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Author Topic: Goal Sniping.  (Read 11477 times)
jburneko
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Posts: 1351


« on: March 15, 2006, 04:12:59 PM »

Hello Again,

While thinking about the whole narrative control thing, I remembered a condition of gameplay that *does* really irritate me.  I call the condition Goal Sniping.  Goal Sniping happens when a player uses their Claims at the top of the page to claim the side of a conflict that's clearly going to win and then narrates an outcome totally counter to the position that the player who has been rolling that side up the entire time.

This happens a lot with ambiguous Goals like: Destroy the Hero's Headquarters and you have two villains who each want to win this conflict on their own terms.  So what happens is Villain X rolls up side A and Villain Y rolls up B and it's clear that they both want to Destroy the Hero's Headquarters but that the players want to make sure they're the one who decides the terms.  So these two villains battle it out while Hero N watches.  Then if Hero N can tim his claim  right, he can jump in and claim either side of the conflict (because he never touched it).  He claims the one most likely to win, and then because the claim is his, narrates how neither villain succeeds.  This effectively turns Villain X's mechanical success into narrative failure.

This gets extra extra weird when Villain X rolls up his side for the page clearly bent on Destorying the Hero's Headquarters and Hero N rolls up the SAME side clearly bent on stoping BOTH Villains from achieving the goal at all.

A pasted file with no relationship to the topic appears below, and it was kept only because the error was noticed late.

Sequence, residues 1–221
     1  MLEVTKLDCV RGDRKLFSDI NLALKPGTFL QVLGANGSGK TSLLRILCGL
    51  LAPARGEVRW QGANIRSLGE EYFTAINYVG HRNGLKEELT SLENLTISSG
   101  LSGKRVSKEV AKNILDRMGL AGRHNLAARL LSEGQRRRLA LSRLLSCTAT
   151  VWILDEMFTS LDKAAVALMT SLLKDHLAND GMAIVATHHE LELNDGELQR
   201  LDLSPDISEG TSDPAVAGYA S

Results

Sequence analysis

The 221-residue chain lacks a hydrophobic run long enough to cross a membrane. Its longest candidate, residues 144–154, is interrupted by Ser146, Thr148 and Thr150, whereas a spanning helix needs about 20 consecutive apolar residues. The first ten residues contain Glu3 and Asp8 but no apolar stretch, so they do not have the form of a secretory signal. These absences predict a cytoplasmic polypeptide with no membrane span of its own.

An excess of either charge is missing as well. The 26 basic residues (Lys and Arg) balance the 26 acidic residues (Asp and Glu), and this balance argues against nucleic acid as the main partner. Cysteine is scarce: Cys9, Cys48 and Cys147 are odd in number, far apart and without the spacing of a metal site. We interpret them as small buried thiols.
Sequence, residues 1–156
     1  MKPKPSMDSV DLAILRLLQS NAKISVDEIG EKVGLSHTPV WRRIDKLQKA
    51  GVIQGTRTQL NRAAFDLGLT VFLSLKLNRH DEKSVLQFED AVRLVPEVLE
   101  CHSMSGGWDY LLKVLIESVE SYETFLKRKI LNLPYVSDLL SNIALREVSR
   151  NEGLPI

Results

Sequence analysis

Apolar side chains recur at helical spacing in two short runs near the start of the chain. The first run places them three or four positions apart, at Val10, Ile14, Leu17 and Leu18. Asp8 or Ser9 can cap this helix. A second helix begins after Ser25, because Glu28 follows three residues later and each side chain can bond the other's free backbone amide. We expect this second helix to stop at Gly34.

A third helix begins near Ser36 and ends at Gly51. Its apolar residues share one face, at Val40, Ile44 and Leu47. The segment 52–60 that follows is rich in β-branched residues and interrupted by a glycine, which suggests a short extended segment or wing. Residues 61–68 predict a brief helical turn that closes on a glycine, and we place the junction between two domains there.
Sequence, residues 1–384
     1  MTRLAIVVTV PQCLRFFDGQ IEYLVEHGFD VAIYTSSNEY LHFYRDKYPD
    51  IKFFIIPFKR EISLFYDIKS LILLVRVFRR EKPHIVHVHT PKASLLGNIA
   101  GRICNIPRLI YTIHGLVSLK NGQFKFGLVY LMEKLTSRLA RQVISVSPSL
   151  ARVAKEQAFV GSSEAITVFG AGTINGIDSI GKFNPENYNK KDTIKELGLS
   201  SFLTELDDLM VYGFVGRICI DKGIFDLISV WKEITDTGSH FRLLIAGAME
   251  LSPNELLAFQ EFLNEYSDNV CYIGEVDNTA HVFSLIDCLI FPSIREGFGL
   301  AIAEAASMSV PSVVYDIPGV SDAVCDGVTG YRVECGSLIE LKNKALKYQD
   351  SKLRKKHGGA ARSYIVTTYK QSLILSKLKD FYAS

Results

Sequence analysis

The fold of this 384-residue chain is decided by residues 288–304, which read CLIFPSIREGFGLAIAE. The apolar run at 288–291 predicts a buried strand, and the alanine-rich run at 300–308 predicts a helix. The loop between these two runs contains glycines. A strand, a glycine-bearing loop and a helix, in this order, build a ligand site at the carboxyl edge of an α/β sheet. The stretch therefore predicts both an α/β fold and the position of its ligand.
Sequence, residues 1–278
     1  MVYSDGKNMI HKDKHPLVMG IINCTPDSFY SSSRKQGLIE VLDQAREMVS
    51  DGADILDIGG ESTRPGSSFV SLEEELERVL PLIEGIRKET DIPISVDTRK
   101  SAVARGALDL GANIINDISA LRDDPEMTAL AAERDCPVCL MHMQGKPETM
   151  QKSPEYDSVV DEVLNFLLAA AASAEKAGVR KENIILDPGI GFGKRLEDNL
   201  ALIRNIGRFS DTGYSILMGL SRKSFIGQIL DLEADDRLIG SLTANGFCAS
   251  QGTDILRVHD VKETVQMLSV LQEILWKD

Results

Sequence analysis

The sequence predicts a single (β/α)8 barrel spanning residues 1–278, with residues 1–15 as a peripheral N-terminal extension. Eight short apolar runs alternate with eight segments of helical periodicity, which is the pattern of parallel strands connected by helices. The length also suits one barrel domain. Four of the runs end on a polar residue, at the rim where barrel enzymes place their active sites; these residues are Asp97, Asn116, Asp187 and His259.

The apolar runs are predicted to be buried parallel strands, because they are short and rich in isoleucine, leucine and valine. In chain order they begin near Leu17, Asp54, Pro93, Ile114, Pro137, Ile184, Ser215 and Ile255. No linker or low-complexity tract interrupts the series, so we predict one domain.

I understand that the "creating a third side" rule is there for this reason but since "sides" don't 1-to-1 correspond with success and failure there's no need to create a third side if you can time your claim correctly.

Is there some rule I missed that says, if you Ally with a side you must be trying to achieve the SAME thing as that side?

Jesse
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Zamiel
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« Reply #1 on: March 15, 2006, 04:46:51 PM »

Is there some rule I missed that says, if you Ally with a side you must be trying to achieve the SAME thing as that side?

As far as I can tell, there is no such rule.

However, I think its fair to say there's a fairly straightforward strategic response to Goal Sniping. Since Claims reset to null at the bottom of a Page, clearing them off before the Claim sequence at the top of the next, the only time the Claim can be Sniped is if the Hero (in your illustration) is earlier in the sequence than the two Villains. At which point its very much in the best interest of the two to agree to oppose the Hero on the same other side without Claiming it.

Odds are very good two Characters versus one can use Actions and Reactions (to say nothing of Inspirations) to change the balance of the Conflict entirely. Since they left it unClaimed, it doesn't resolve at the end of the Page and they can continue to wrestle over it, having made the Hero expend some effort to retain control of the Conflict during the turn. Alternately, one of them can Claim the other side and have an out-of-band agreement with the other Villain to jointly narrate the results. At the end, the Conflict resolves and they proceed apace.

This is a pretty sequence-sensitive strategy, and as such is vulnerable to sequence-disrupting methods. Now, if the two Villains can't agree to cooperate briefly ... its a traditional "Villains bickering opens it up for the Hero" moment!
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jburneko
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Posts: 1351